Cold Spring Harbor Protocols (April 2011)Cell proliferation, migration, differentiation, and death are remarkably synchronized during embryonic development.  But mouse embryos are confined to the uterus, thus limiting our ability to observe these astonishing events in vivo.

In this month’s issue of Cold Spring Harbor Protocols, Mary Dickinson and colleagues (Baylor College of Medicine) describe methods for culturing live mouse embryos directly on a microscope stage, and for performing time-lapse imaging of embryos expressing genetically encoded fluorescent proteins.  These methods permit the visualization of mouse embryos from gastrulation until early organogenesis.  An introductory article, available here, is freely accessible to subscribers and non-subscribers alike.  It provides a brief background on imaging methods used to study mouse development, examples of live imaging of mouse embryos, and an overview of the imaging setup used to control the environmental conditions (temperature, humidity, and gas exchange) during imaging.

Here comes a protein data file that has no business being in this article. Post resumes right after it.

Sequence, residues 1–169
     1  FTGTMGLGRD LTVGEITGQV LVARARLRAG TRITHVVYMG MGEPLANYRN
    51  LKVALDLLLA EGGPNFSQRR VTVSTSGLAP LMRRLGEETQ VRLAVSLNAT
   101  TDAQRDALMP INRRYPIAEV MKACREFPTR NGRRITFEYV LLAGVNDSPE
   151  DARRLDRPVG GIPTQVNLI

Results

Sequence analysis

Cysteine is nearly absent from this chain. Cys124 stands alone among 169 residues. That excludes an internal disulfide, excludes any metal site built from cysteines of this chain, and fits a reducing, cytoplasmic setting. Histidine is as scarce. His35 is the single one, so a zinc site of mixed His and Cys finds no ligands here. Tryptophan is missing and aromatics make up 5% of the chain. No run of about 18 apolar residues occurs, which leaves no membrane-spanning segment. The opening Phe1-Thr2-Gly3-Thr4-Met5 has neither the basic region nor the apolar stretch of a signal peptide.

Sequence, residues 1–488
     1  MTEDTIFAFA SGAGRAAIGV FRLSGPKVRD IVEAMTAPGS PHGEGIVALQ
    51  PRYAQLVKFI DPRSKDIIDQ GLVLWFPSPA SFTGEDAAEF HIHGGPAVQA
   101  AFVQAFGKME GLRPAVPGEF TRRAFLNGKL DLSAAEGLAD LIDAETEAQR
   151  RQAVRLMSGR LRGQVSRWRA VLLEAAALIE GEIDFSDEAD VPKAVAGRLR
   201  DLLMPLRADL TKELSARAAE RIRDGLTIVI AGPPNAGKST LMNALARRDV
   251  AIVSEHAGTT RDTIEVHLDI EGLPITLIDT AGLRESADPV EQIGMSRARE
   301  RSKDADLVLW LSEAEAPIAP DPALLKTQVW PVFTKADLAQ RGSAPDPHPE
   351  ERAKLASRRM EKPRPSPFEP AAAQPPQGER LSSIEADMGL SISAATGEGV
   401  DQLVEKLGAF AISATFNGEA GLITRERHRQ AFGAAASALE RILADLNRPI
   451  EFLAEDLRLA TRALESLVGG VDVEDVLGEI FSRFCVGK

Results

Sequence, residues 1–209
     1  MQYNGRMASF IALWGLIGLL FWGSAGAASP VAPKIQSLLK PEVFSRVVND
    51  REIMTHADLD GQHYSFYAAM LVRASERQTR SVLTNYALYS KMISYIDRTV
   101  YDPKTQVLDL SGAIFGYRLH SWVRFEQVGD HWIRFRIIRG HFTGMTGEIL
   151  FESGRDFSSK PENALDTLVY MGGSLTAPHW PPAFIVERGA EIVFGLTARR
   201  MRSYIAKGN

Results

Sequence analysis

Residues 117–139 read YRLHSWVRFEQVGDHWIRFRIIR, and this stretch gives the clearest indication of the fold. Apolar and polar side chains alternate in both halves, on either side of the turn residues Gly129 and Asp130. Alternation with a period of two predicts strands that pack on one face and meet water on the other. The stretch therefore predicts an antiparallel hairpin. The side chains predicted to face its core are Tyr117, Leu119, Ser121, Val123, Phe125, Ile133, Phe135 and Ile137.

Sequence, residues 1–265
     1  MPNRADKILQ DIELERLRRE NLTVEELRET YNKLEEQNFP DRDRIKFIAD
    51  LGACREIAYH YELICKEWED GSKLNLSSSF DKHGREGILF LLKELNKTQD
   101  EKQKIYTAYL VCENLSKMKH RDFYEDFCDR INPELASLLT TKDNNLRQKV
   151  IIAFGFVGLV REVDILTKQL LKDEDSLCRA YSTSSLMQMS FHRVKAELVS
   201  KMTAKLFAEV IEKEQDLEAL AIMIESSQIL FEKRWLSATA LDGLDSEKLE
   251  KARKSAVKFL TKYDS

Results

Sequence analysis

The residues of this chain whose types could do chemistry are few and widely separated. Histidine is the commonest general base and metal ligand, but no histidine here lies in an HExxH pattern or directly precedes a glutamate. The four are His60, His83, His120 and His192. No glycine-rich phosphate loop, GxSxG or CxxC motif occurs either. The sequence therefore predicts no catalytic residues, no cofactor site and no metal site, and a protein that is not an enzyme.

Step-by-step protocols for preparing serum for mouse embryo culture, preparing postimplantation mouse embryos for imaging, and time-lapse imaging of mouse embryos in static culture were also published in the issue.

Methods for live imaging of embryogenesis in other model organisms are available in Imaging in Developmental Biology: A Laboratory Manual (edited by James Sharpe and Rachel O. Wong; series editor Rafael Yuste).  It is the most recently published manual from our imaging series.